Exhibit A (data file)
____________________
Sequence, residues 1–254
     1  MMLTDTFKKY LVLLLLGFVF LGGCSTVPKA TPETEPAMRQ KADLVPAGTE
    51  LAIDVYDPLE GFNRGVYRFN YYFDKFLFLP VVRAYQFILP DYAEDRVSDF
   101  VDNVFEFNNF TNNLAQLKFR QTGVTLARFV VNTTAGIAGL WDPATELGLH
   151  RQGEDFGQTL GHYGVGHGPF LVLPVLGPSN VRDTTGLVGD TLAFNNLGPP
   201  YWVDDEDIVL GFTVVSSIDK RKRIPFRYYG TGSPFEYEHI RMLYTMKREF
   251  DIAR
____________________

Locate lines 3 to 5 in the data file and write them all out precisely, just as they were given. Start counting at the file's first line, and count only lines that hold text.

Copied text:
    51  LAIDVYDPLE GFNRGVYRFN YYFDKFLFLP VVRAYQFILP DYAEDRVSDF
   101  VDNVFEFNNF TNNLAQLKFR QTGVTLARFV VNTTAGIAGL WDPATELGLH
   151  RQGEDFGQTL GHYGVGHGPF LVLPVLGPSN VRDTTGLVGD TLAFNNLGPP